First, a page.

Giving thanks to moose

"Uh," grunted the bull, "uh!" Silent except for his grunting, the moose moved around in the trees, tantalizingly close but invisible at the same time. He would not come out.

“Uh,” grunted the bull, “uh!”

Silent except for his grunting, the moose moved around in the trees, tantalizingly close but invisible at the same time. He would not come out.

Sam splashed around in the water with the canoe paddle, hoping to imitate the natural movement of a cow.

“Uh,” said the bull again, “uh, uh.”

He was starting to remind me of a flatulent trotting horse – his monosyllabic grunts came at a similar rhythm and sounded much the same.

This bull was a careful suitor and that was fine with us.

We were now just out for the fun of it, hoping to see some more bulls.

After an eternity of unsuccessful outings, one bull had finally come out and could be shot, so that our meat supply is now secure and we are able to appreciate the pure beauty of moose again without any murderous designs on them.

Sam splashed in the water some more and from somewhere in the trees came the sound of the bull thrashing his antlers against a sapling. Then all was silent except for the perky scolding of the grey jays who were maybe entertaining hopes that we might produce another carcass for them. Had the moose grown tired of the game, was he suspicious that there was no cow around?

Suddenly, we heard water splashing further from the north where the creek flows into the lake, but the bare alder branches barred our view. Then, bobbing slowly among the twigs, we saw antler tines. The bull was finally coming out.

We craned our necks and then there he was, half immersed in the lake, turning his head constantly, his nose twitching to pinpoint the location of the cow who he thought had called not too long ago. The black bell under his bottom jaw kept dipping into the water as he sloshed around close to shore, looking this way and that. He did a little circle, then disappeared again behind the alder bushes and presumably into the woods.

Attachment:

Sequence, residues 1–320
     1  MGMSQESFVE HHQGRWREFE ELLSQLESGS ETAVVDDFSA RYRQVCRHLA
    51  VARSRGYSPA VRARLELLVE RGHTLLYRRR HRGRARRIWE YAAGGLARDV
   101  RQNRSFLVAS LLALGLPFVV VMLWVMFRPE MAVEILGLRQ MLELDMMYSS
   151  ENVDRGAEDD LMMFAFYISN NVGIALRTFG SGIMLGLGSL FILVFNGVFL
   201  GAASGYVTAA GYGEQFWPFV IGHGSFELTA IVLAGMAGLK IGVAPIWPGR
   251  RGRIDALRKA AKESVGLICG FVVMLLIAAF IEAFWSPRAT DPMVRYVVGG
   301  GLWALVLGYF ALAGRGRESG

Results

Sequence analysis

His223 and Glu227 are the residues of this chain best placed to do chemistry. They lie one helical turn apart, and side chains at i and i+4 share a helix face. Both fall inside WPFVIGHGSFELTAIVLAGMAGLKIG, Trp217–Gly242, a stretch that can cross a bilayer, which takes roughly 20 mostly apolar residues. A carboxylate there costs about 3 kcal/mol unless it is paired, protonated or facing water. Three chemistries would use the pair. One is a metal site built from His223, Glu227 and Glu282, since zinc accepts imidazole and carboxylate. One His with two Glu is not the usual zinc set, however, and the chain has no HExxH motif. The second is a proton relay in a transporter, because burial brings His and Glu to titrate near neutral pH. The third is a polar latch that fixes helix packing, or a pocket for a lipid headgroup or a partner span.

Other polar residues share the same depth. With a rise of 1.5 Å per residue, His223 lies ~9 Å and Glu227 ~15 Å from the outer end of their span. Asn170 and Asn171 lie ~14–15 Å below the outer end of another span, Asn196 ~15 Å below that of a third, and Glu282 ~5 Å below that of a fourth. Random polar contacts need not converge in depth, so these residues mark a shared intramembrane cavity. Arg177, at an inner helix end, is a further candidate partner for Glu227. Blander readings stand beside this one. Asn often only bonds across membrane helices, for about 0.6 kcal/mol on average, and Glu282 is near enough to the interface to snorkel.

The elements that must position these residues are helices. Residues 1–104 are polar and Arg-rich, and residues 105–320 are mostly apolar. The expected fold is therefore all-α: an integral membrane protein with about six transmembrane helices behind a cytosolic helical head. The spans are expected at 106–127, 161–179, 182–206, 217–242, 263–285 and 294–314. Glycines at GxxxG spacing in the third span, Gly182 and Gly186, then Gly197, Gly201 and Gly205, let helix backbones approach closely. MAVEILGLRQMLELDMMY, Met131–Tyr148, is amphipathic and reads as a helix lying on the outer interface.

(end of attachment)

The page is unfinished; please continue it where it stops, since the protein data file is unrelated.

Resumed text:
“I’m just going to call again,” said Sam and doubled over for another soulful rendition of a lovesick cow. I kept the binoculars trained on the forest but could neither see nor hear any sign of the bull. Maybe he had left now? We sat a while longer, Sam splashing in the water again, but this time there was no reply anymore. Only the grey jays kept checking up on us and a shaft of sunlight stole through the solid blanket of grey clouds to highlight a patch of snowy mountainside; otherwise, the land seemed to be holding its breath.

We decided to get going again, after all, this was just for fun now, the pressure of getting meat subsided for another year.

After stretching our stiff limbs, we nosed the canoe around and began paddling again. Silver riffles flowed across the dark jade water in our wake and then, there was a huge splash in front of us.

The moose! Oblivious to our presence, or so it seemed, he was back in the lake after circling around as far as he could on shore. His antlers cradling the grey sky, he swam purposefully now, no more looking and sniffing around for a lady love.

I was quite happy about that – there is something about sitting level with a moose head that makes you appreciate a bull’s disinterest. We let the canoe drift, keeping very quiet, while the bull proceeded royally across the bay, his shoulder hump going up and down. When he reached the other shore and climbed out, he shook like a dog and rained a curtain of water on to the rocks. All power and muscle, he jogged into the woods, probably cruising for a less elusive cow than there seemed to be here.

Sam and I breathed a quiet “wow” at each other, eyes shining with awe at the sheer beauty of that bull moose before we dipped our paddles into the water again.

On our way home, the increasingly drab forest was still lit in the odd place by a patch of optimistically yellow poplar leaves, although the snow has been steadily creeping down towards the waterline.

Back at the cabin, we celebrated Thanksgiving dinner with a meal from the moose whose life we took, our minds still out there somewhere with that other bull, the luckier one, roaming the woods.

Lisa Hasselbring is a writer who

lives at the headwaters of the

Yukon River south of Whitehorse.